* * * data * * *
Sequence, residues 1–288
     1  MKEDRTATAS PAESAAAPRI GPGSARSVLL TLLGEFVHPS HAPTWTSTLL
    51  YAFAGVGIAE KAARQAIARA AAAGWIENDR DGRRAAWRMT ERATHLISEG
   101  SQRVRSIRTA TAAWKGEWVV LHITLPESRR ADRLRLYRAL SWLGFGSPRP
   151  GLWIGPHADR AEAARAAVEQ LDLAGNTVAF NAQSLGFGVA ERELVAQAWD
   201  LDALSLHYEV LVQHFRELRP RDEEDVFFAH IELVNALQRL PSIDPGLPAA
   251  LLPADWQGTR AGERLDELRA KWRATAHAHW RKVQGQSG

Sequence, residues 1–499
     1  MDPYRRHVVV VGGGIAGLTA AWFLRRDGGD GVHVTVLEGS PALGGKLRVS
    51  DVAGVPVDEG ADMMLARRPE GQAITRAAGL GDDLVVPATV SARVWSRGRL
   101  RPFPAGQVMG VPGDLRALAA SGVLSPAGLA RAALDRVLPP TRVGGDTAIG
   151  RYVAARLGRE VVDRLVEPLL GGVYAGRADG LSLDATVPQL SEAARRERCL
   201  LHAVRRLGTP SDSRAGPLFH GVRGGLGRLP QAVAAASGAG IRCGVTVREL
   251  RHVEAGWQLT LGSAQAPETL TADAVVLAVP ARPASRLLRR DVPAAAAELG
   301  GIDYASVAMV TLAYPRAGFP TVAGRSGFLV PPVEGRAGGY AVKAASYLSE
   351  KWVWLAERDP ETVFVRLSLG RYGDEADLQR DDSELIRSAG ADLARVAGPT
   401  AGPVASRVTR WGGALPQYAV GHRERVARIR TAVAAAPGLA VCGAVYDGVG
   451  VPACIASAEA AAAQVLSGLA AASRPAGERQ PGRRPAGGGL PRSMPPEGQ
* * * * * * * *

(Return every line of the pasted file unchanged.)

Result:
Sequence, residues 1–288
     1  MKEDRTATAS PAESAAAPRI GPGSARSVLL TLLGEFVHPS HAPTWTSTLL
    51  YAFAGVGIAE KAARQAIARA AAAGWIENDR DGRRAAWRMT ERATHLISEG
   101  SQRVRSIRTA TAAWKGEWVV LHITLPESRR ADRLRLYRAL SWLGFGSPRP
   151  GLWIGPHADR AEAARAAVEQ LDLAGNTVAF NAQSLGFGVA ERELVAQAWD
   201  LDALSLHYEV LVQHFRELRP RDEEDVFFAH IELVNALQRL PSIDPGLPAA
   251  LLPADWQGTR AGERLDELRA KWRATAHAHW RKVQGQSG

Sequence, residues 1–499
     1  MDPYRRHVVV VGGGIAGLTA AWFLRRDGGD GVHVTVLEGS PALGGKLRVS
    51  DVAGVPVDEG ADMMLARRPE GQAITRAAGL GDDLVVPATV SARVWSRGRL
   101  RPFPAGQVMG VPGDLRALAA SGVLSPAGLA RAALDRVLPP TRVGGDTAIG
   151  RYVAARLGRE VVDRLVEPLL GGVYAGRADG LSLDATVPQL SEAARRERCL
   201  LHAVRRLGTP SDSRAGPLFH GVRGGLGRLP QAVAAASGAG IRCGVTVREL
   251  RHVEAGWQLT LGSAQAPETL TADAVVLAVP ARPASRLLRR DVPAAAAELG
   301  GIDYASVAMV TLAYPRAGFP TVAGRSGFLV PPVEGRAGGY AVKAASYLSE
   351  KWVWLAERDP ETVFVRLSLG RYGDEADLQR DDSELIRSAG ADLARVAGPT
   401  AGPVASRVTR WGGALPQYAV GHRERVARIR TAVAAAPGLA VCGAVYDGVG
   451  VPACIASAEA AAAQVLSGLA AASRPAGERQ PGRRPAGGGL PRSMPPEGQ